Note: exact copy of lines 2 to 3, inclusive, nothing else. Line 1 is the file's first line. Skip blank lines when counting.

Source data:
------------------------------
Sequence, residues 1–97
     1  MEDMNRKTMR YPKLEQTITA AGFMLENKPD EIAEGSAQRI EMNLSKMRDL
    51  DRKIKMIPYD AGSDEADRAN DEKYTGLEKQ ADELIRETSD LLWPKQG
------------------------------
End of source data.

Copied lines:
     1  MEDMNRKTMR YPKLEQTITA AGFMLENKPD EIAEGSAQRI EMNLSKMRDL
    51  DRKIKMIPYD AGSDEADRAN DEKYTGLEKQ ADELIRETSD LLWPKQG